Several simulations are typically generated to conduct OSSEs: (i) a nature run that is supposed to represent the ocean truth; (ii) a control run that is perturbed with respect to the nature run, and that represents the solution without assimilation; and (iii) an assimilated run in which simulated observations from the nature run have been assimilated. This study uses a so-called fraternal twin experiment approach, the nature run being provided by the ROMS model forecast simulation that was run operationally during the Recognized Environmental Picture 2010 (REP10) experiment, and that which slightly differs from the above-described ROMS configuration (hindcast version) in terms of model internal and boundary parameters. The control run is the mean of an ensemble of simulations with the same perturbations as those represented in the EnKF (i.e., of the initial conditions, winds, and lateral boundary values). The reduction of the error (defined as the difference with the nature run) from the control run to the assimilated run provides a measure of the performance of the assimilation procedure.
b. Optimum mission planning of glider networks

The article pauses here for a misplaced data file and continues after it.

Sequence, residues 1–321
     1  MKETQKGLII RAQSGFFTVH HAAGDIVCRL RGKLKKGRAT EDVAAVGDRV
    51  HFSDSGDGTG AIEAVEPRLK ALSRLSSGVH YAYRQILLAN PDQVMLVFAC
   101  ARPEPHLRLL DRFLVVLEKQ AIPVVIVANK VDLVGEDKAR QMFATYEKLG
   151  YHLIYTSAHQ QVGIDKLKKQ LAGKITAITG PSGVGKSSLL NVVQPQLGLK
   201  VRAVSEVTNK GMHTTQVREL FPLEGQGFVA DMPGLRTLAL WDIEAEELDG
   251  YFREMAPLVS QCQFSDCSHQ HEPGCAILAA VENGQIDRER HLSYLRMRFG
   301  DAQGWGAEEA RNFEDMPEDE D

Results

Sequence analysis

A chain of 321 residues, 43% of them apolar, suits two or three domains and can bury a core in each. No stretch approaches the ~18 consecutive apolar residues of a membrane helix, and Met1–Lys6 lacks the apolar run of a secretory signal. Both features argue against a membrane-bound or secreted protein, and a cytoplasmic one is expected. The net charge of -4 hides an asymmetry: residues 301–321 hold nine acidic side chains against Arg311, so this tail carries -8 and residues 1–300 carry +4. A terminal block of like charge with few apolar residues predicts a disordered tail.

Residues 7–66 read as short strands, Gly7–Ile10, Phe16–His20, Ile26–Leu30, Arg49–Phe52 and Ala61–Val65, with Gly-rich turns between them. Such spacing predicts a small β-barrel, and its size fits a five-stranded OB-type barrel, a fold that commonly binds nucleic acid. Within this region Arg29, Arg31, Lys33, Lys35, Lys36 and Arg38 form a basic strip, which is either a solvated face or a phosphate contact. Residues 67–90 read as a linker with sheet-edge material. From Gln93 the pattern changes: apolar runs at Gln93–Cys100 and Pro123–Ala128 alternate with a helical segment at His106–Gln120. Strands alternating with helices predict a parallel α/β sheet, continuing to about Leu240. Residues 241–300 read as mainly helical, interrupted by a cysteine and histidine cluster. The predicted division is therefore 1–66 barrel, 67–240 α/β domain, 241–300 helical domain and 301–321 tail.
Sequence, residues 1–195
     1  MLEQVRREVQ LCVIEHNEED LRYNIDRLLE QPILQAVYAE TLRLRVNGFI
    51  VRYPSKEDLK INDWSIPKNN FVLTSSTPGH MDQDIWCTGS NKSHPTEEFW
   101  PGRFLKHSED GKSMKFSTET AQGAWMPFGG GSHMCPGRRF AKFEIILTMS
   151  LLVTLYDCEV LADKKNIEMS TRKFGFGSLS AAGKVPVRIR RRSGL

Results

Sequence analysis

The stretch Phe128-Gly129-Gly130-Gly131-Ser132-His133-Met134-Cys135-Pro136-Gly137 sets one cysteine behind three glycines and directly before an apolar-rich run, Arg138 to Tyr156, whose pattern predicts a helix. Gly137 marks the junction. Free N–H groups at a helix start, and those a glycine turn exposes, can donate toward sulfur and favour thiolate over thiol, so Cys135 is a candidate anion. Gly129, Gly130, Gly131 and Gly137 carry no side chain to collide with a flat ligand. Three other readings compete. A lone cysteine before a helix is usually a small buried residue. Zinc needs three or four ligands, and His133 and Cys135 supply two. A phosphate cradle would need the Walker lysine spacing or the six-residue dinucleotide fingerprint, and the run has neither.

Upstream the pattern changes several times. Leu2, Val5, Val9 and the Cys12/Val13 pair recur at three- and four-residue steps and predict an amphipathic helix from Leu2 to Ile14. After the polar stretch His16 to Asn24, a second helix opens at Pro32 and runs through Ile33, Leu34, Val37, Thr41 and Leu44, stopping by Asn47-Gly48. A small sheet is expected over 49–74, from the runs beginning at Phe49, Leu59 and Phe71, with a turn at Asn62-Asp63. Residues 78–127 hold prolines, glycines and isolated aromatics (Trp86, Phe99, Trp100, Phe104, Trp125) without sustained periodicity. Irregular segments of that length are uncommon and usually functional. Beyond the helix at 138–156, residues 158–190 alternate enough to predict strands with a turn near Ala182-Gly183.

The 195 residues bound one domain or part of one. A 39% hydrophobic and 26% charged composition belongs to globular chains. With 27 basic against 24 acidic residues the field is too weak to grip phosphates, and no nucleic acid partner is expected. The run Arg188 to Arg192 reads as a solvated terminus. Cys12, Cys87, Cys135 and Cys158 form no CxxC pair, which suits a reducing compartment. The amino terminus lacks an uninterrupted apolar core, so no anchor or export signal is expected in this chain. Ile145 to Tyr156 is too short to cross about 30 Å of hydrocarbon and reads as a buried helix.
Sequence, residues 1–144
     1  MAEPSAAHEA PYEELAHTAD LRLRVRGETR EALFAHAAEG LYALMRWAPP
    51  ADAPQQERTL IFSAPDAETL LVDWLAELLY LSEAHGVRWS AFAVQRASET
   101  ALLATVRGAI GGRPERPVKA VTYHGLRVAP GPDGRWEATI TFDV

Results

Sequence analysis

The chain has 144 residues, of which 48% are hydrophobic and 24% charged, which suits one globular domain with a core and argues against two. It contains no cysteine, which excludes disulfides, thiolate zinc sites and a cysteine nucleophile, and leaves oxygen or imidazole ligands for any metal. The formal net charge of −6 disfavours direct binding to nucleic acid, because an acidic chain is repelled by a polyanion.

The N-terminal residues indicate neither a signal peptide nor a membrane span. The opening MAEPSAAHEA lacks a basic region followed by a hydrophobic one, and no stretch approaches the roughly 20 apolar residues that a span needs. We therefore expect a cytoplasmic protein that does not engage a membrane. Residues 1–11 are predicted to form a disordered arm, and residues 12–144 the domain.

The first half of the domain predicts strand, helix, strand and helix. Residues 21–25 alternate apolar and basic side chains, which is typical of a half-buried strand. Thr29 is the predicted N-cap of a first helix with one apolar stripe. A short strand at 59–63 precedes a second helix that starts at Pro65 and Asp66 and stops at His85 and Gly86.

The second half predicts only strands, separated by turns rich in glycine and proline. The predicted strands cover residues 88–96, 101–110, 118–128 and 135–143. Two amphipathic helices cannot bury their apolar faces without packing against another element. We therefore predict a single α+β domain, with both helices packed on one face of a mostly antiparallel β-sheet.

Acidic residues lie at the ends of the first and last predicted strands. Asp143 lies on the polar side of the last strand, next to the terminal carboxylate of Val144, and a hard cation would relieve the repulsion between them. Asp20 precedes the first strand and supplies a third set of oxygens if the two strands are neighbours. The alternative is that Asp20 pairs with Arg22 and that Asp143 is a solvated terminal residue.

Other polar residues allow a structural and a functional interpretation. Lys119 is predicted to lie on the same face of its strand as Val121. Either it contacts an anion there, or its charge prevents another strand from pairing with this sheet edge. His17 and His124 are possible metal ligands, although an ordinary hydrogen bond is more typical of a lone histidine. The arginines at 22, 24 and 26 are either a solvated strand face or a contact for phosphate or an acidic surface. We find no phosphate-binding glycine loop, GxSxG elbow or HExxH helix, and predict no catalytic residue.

Ideally, to determine the configuration of the observing network with the best performance for the next 48 h, an EnKF analysis should be performed for each tentative network configuration after having simulated the 48-h ensemble forecast (Majumdar et al. 2002; Lermusiaux 2007). In this work, to limit the computational cost and to allow a larger number of iterations, this procedure was simplified by considering the vertical and time-averaged fields over the glider diving depth and over the 48-h forecast period. Projecting the original field information onto a two-dimensional field by using the average or integral uncertainty values over depth was previously used in the context of adaptive sampling (Yilmaz 2006; Yilmaz et al. 2008). This assumes that a network configuration that minimizes the uncertainty of the depth- and time-averaged fields will also minimize (or closely minimize) the uncertainty of the whole four-dimensional fields. This can be justified by the shortness of the vertical correlation lengths and forecast period. Given a glider network configuration and the error covariance matrix of the two-dimensional field representing the surface to 100 m and 48-h averaged temperature, the variance-minimizing analysis provides an estimate of the corresponding posteriori error covariance matrix, which measures the reliability of field estimations when observations are available at certain locations. Glider trajectories can be planned in such a way that the estimations of the field at the grid points optimize a certain norm of the posteriori error covariance matrix. Alvarez and Mourre (2012) found that minimizing the norm defined by the trace of the posterior covariance with respect to the observation locations was the most adequate strategy to sample the environment.